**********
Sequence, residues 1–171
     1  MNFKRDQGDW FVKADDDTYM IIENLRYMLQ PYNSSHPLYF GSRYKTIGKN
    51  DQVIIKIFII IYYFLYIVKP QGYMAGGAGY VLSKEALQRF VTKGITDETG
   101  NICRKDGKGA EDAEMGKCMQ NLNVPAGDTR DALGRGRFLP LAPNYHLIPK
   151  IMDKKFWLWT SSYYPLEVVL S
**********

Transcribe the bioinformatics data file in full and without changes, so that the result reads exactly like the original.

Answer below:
Sequence, residues 1–171
     1  MNFKRDQGDW FVKADDDTYM IIENLRYMLQ PYNSSHPLYF GSRYKTIGKN
    51  DQVIIKIFII IYYFLYIVKP QGYMAGGAGY VLSKEALQRF VTKGITDETG
   101  NICRKDGKGA EDAEMGKCMQ NLNVPAGDTR DALGRGRFLP LAPNYHLIPK
   151  IMDKKFWLWT SSYYPLEVVL S